Once, I’d love the Winter to walk in who is overdone in her Winterness. The young ones are, even without makeup. They’re bringing it. More eyeliner (that we remove), thigh high boots (brown, but they’re trying to be bigger and it’s good), cape flying, doing something luscious with the hair, more ME-ME-ME. In our fifties, we women have toned ourselves so far down that we can lose our discernment of what is just normal and right.
Especially in our later years, when our faces finally carry all the power that took 50 years to build, isn’t it time to stop being so careful? I get that not everyone wants to present a heavily made up, dramatic face, but it’s not even about drama in makeup. There is so much caution to shake off. Drama and glamour haven’t been added for a long time and yet, this is where they are most at home, most normal.
Personal Colour Analysis is a gateway to Here’s Who You Are.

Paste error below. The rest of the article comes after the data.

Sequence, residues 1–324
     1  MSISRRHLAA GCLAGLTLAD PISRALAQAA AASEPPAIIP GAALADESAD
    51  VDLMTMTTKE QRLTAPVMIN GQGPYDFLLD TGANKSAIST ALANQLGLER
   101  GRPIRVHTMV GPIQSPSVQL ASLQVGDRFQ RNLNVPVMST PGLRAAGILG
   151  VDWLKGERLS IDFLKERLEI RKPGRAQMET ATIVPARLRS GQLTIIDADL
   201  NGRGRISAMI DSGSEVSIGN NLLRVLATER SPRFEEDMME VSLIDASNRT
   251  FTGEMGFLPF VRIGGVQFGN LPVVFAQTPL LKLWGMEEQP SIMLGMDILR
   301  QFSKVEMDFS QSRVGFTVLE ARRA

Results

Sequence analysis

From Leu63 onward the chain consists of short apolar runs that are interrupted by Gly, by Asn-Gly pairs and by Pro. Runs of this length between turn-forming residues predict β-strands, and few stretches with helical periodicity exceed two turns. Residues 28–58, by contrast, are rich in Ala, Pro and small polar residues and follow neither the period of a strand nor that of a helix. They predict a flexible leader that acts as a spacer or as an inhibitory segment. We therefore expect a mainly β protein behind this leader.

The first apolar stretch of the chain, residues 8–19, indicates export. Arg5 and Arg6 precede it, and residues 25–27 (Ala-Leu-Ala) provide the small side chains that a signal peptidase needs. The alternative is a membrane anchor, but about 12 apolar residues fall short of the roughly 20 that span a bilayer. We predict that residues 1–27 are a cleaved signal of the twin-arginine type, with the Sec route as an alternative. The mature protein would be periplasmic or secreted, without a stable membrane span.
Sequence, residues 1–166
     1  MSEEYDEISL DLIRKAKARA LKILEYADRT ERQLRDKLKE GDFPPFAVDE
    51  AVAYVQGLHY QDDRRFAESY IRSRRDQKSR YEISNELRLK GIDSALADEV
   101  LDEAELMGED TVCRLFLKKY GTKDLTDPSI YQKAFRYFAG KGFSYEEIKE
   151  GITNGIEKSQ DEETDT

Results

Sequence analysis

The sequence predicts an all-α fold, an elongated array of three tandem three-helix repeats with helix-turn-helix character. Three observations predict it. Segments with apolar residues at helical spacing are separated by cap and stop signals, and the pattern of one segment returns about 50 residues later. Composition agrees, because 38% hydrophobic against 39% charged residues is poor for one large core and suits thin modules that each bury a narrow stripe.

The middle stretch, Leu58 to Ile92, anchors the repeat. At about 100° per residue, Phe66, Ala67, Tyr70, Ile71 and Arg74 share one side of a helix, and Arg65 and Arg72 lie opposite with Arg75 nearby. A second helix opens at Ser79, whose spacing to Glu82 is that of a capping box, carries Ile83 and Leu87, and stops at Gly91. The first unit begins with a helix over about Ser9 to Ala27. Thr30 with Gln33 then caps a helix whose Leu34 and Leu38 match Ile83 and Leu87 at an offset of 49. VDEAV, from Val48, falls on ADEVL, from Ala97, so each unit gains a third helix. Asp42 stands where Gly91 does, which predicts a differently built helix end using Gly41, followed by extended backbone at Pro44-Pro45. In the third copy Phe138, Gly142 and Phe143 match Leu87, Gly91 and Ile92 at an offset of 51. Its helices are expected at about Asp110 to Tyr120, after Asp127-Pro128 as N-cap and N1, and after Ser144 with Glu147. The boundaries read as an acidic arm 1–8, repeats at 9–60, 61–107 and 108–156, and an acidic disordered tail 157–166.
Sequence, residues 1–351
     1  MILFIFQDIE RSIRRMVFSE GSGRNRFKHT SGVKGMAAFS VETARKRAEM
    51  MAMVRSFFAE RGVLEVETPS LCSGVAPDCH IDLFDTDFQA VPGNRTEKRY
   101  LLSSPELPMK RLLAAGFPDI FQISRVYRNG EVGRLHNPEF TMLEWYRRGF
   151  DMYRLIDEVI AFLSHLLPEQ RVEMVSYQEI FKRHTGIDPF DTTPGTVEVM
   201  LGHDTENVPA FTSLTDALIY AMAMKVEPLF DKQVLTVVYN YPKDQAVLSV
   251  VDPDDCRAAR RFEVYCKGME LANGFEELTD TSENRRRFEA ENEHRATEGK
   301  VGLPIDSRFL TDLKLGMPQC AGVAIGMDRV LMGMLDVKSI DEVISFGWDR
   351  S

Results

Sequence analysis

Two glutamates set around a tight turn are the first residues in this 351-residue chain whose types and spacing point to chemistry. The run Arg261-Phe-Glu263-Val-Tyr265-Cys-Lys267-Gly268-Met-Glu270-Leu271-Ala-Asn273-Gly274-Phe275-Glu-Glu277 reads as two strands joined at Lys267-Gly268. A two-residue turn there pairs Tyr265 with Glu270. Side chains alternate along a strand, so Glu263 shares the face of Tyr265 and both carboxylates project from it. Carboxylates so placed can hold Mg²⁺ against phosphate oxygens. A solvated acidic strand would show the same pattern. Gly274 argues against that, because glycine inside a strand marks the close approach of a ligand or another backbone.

What’s In A Winter Face: both extremes at the same time.
To be more specific:
1.Â Contrast. You saw this coming. It means that there is a lot of distance between everything and everything else, such as:
Features from skin. Â The skin is very even, smooth, and quiet. Insert into that landscape a mouth, cheeks, eyes, and eyebrows whose colours create a big and sudden jump from the background. That Shiseido banner up above.
Light – dark levels of contiguous colours. Eyeliner is dark (it contains more black than any other group). The eyeshadow next to it, the lid colour, is a fair bit lighter (lid colour is medium on the other groups). The next band, the eyeshadow contour, is quite dark by comparison (more about that later). The eyeshadow highlight is icy light, nearly white (not the case for pastel on Summers and creamy on Warms).Â The brow is quite dark (but not darkened more than Nature designed on anyone), very sharply defined, and dramatized extra (crisp, arched, lengthened, whatever works on that face, which is simply to see what’s there and make more of it).Â For sure, any particular face might need these adjusted a little, but this is the generic look.